[root@localhost xshell_win10]# yum
    [...A long list of captions...]

    If you enter yum, a large list of instructions appears indicating that you should use an installation package suffixed with rpm.If the prompt Yum command does not exist, the installation package suffixed with deb should be used.Of course, the reader can also enter the command aptitude for further validation.

  4. Installing Java means installing the JDK.There are three major versions of Java, the Java SE chosen here.For differences between these versions, see my other blog: Differences between Java SE, JDK, Java EE, Java Framework, Java ME:

    In addition, many versions of JDK have been replaced, including LTS and non-LTS versions.LTS refers to Long Term Support.There are no more explanations for this concept, and readers can simply interpret them as stable and up-to-date.

    (The LTS version of Java currently has: Java 8, Java 11, Java 17.Website: )

    The author's opinion is that it is best to download the latest version of LTS.But for some new Java learners, there is little difference in which version to download, because the difference is not reflected in simple Java programs.When writing this tutorial, I chose Java 11.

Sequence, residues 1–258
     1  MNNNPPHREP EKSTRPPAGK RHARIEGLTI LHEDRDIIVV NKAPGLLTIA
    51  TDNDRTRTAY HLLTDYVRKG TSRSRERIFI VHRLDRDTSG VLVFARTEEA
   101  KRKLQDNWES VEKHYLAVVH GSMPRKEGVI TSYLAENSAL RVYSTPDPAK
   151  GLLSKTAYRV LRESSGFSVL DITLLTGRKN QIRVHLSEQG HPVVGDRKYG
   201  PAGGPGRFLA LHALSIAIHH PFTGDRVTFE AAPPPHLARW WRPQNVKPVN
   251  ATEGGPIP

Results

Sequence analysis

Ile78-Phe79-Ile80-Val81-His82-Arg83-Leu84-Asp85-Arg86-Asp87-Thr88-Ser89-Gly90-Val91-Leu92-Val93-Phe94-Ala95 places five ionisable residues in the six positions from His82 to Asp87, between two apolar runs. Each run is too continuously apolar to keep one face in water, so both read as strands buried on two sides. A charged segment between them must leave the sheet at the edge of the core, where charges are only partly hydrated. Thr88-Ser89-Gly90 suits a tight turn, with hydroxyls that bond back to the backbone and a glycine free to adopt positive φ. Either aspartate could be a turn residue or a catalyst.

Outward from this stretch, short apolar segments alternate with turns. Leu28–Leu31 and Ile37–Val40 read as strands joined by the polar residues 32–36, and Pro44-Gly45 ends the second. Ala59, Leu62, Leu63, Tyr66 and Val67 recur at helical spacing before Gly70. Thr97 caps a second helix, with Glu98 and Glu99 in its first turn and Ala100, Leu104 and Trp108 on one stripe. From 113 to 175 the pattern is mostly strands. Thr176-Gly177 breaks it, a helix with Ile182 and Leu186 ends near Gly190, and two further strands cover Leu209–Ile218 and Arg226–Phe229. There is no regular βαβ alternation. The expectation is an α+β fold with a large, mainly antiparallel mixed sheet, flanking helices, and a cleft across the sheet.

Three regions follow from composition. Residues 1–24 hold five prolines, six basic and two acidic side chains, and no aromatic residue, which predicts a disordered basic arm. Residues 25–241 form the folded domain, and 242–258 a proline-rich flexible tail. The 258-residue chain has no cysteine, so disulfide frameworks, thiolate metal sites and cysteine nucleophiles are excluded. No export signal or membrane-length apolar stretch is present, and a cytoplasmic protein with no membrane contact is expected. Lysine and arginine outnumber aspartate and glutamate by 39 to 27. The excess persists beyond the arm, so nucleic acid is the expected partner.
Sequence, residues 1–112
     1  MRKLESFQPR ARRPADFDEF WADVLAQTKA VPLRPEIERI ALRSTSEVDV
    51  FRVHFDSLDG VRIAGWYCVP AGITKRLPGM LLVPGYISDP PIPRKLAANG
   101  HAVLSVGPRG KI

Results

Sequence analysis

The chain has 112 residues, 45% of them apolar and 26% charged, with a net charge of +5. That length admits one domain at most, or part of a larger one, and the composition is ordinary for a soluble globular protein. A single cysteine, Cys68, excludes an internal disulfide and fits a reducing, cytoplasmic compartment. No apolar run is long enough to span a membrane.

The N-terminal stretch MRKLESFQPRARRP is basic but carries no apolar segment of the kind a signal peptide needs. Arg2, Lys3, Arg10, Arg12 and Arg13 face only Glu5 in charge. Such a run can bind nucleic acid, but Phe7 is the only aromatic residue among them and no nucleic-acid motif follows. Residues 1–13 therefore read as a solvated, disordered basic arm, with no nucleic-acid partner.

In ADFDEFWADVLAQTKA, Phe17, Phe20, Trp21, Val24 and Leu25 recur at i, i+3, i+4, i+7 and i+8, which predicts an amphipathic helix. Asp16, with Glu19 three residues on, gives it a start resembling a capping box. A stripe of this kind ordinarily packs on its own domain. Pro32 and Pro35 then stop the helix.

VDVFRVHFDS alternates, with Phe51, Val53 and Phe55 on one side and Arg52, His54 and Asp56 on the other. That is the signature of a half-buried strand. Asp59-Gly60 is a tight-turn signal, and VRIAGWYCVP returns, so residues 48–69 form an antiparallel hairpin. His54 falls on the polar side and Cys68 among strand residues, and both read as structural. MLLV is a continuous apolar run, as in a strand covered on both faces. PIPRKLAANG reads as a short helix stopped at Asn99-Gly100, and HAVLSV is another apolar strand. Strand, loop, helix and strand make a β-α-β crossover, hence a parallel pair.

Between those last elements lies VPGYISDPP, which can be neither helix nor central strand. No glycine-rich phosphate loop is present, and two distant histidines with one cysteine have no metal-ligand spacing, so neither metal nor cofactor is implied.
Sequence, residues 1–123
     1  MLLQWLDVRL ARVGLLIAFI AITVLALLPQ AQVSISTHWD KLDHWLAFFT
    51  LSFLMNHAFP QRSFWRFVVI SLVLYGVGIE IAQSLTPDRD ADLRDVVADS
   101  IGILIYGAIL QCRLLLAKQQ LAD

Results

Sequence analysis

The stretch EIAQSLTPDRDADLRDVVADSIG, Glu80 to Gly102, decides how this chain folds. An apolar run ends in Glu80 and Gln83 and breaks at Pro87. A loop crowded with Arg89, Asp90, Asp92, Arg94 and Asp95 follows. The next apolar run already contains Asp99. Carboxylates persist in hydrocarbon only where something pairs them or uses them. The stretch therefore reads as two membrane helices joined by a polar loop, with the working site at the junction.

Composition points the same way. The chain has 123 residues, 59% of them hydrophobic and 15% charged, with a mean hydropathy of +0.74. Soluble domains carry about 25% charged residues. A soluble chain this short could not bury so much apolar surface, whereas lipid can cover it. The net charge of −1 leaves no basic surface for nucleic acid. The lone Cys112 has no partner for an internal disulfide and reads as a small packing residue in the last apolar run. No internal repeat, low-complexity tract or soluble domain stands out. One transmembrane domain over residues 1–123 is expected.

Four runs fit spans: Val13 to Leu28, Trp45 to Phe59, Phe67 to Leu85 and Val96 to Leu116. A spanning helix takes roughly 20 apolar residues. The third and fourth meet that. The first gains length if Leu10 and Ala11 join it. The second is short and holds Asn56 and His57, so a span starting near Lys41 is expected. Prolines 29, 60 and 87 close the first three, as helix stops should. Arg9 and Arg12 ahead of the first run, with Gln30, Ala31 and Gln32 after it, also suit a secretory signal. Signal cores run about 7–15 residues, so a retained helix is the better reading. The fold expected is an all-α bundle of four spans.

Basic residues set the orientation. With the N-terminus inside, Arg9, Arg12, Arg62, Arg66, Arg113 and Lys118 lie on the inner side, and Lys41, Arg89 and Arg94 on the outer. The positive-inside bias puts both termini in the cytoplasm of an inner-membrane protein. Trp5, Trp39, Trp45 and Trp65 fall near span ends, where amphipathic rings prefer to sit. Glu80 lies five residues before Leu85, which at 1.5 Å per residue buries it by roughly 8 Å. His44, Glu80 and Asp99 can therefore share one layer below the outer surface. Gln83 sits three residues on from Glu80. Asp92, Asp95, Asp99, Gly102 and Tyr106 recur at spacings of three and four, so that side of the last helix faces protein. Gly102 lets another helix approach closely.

5. Go to the Oracle website to download the JDK installation package.There are many Java versions to choose from.Website:

    Because it is a foreign website, the website may load slowly.Some browsers may disable some controls on this site, so if you find that some interface options are missing from the site, you can try a different browser.

    The detailed operation flow is shown in the figure (please click on the red circle part along the picture with the mouse):

    (Now you need to register an Oracle account to download, please note.)

  6. Here, you can see six download options.For the author's operating system, as explained earlier, the Linux x64 RPM Package should be chosen.In addition, Linux x64 Compressed Archive is an install-free version of Java.If readers like to download an install-free version, they need to download it.